State Mismanagement of Covid-19 Data Continues

Mindy Clark of Sarasota, Florida, drove to a COVID-19 testing site at Manatee Rural Health because she thought she might have contracted the virus. At the drive-thru testing center, she was told to take the test only if she had experienced symptoms. She drove away before being swabbed.

Two days later, she received a phone call informing her she tested positive. To have the erroneous diagnosis stricken from her record, she was required to get retested.

This disturbing and harmful mix-up may be more common than we’d like to think. As Dr. Jay Wolfson, Professor Public Health & Medicine at the University of South Florida, explained to MSN:

This is part of the testing mechanism problem. People are sitting in their cars, sometimes for hours, or standing in line, six feet apart sometimes for hours. You’re registered though, you’re number 15 in line, and you are Jay Wolfson. If Jay Wolfson says he can’t wait any longer and he leaves, it will get number 15 and now get Rebecca Fernandez, who was standing behind him, and she tests positive, and then everyone from then on gets the wrong results.

Frustrated over the state government’s mishandling of COVID-19 data, Dr. Wolfson added, “the state has to clean up their act.”

Test-result mix-ups, however, are only one of many examples of Florida’s government mishandling COVID-19 data. Over the past month, the Florida Department of Health’s daily coronavirus reports has documented hundreds of laboratories reporting Covid-19 test-positivity rates of 100 percent. When questioned about these implausibly high figures, a representative from Florida health officials accused “smaller, private labs” of misreporting their test results.

Not willing to take the blame, many Florida healthcare establishments and laboratories have accused the Department of Health of misreporting their test results. Healthcare provider AdventHealth noted that its rapid COVID-19 tests performed at one of its clinics in Central Florida, “were coming back with a 15% positivity rate, not 100% like the state report shows.”

Government employees managing Florida’s Covid-19 data have expressed similar concerns. In May, Rebecka Jones, who helped maintain the Florida Covid-19 Data and Surveillance Dashboard, was released from her position for allegedly refusing to “manually change data to drum up support for the plan to reopen.” Her co-workers agreed with Jones’s assessment.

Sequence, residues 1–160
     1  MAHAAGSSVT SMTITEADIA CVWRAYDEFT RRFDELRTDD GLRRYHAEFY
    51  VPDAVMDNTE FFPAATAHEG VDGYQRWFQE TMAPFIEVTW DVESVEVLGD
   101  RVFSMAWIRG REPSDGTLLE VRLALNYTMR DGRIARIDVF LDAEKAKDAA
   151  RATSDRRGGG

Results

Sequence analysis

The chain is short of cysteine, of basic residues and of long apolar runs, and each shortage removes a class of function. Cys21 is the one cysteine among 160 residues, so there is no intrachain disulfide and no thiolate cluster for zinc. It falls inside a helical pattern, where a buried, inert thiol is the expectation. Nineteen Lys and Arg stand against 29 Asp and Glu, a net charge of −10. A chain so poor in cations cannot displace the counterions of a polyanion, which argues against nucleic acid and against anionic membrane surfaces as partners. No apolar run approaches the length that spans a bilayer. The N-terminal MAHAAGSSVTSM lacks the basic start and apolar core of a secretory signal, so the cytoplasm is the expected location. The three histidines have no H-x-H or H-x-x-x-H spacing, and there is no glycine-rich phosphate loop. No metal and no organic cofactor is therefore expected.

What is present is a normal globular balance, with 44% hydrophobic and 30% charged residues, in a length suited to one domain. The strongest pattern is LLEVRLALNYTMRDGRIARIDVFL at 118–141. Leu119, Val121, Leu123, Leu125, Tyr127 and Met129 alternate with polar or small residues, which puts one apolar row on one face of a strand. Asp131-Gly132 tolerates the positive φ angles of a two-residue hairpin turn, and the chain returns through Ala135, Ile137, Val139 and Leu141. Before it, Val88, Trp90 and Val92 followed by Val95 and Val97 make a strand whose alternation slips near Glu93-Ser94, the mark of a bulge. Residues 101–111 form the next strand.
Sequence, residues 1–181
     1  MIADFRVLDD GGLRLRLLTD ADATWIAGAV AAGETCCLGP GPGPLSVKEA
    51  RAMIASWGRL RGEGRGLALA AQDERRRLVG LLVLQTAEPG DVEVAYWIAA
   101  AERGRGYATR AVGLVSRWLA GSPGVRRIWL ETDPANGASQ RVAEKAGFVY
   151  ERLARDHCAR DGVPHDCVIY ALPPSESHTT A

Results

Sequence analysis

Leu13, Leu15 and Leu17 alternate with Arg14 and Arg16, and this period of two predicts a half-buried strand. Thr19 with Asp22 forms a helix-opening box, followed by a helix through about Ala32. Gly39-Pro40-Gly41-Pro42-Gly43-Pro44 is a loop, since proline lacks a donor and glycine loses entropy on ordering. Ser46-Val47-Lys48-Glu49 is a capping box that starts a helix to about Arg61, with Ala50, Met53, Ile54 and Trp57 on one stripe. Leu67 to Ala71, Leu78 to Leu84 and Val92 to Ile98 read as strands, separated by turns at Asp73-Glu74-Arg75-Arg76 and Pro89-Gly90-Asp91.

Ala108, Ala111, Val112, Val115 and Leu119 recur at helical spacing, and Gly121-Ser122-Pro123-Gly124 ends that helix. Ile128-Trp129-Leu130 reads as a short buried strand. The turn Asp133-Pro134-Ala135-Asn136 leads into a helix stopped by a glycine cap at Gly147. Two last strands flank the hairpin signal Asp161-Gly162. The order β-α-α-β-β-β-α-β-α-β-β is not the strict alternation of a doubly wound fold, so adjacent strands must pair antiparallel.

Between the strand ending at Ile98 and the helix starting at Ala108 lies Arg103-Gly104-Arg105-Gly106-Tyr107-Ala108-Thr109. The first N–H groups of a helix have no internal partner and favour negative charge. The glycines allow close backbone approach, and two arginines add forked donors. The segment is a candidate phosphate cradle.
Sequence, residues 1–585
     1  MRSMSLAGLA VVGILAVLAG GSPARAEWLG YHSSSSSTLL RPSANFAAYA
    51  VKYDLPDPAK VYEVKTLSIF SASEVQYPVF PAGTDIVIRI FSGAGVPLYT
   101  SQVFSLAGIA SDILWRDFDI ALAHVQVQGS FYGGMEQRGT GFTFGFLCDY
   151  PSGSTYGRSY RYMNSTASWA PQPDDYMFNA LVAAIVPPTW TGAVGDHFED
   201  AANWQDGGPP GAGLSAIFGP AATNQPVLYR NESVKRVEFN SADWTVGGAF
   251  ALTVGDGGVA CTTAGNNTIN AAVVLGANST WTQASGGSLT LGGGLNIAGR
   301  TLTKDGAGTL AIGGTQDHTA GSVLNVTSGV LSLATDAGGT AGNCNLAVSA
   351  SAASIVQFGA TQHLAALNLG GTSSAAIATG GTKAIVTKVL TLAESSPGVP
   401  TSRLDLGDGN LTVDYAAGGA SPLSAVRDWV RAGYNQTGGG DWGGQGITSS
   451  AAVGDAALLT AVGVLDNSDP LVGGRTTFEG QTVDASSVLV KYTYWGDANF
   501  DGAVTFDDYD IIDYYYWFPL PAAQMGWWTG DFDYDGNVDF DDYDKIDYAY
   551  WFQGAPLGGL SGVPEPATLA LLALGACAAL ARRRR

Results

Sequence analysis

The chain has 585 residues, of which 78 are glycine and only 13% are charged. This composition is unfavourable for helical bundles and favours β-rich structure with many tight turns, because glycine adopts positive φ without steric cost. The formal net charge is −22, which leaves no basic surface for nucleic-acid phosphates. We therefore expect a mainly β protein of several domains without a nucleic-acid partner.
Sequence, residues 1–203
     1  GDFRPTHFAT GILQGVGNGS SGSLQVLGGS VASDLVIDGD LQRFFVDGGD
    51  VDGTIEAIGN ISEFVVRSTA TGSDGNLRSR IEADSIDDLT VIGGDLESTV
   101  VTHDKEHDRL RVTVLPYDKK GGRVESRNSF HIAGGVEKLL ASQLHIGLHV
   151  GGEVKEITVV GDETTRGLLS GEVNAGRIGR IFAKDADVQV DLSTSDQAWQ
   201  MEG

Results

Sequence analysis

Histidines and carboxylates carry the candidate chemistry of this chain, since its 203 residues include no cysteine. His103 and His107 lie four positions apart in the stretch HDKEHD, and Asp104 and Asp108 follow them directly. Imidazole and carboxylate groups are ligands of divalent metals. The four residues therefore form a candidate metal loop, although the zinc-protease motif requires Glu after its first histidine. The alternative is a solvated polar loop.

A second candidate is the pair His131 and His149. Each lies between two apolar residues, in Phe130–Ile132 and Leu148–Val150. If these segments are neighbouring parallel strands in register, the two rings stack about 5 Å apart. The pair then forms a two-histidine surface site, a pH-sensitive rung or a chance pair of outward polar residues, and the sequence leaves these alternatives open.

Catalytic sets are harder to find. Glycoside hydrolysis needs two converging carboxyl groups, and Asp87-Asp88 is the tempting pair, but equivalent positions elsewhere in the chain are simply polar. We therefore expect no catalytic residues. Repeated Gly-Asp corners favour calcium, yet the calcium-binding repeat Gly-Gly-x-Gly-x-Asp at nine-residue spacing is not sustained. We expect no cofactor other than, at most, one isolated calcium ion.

Government misreporting on COVID-19 data is not confined to Florida. As I noted in a post in May, many states have distorted their number of COVID-19 cases and fatalities. In many cases, political incentives and poorly designed pandemic-related healthcare policies provide little reason for relevant parties to depict the state of the pandemic accurately.

Misinformation about health statistics comes at a critical time. At the time of this writing, the United States is approaching 150,000 Covid-19 fatalities, with many states experiencing rapid increases in new cases. At the same time, hospitalizations for Covid-19 surged during July, but virology studies have prompted the Centers for Disease Control and Prevention to issue less demanding quarantining guidelines, and several treatment options have become available since the pandemic began.

So, where do we go from here?

Making the best decisions regarding how to manage the pandemic requires making the most of the information we have. But until we can trust the government to manage and distribute COVID-19 information competently, little will improve.

Raymond J. March is a Research Fellow at the Independent Institute and Assistant Professor of Agribusiness and Applied Economics at North Dakota State University.
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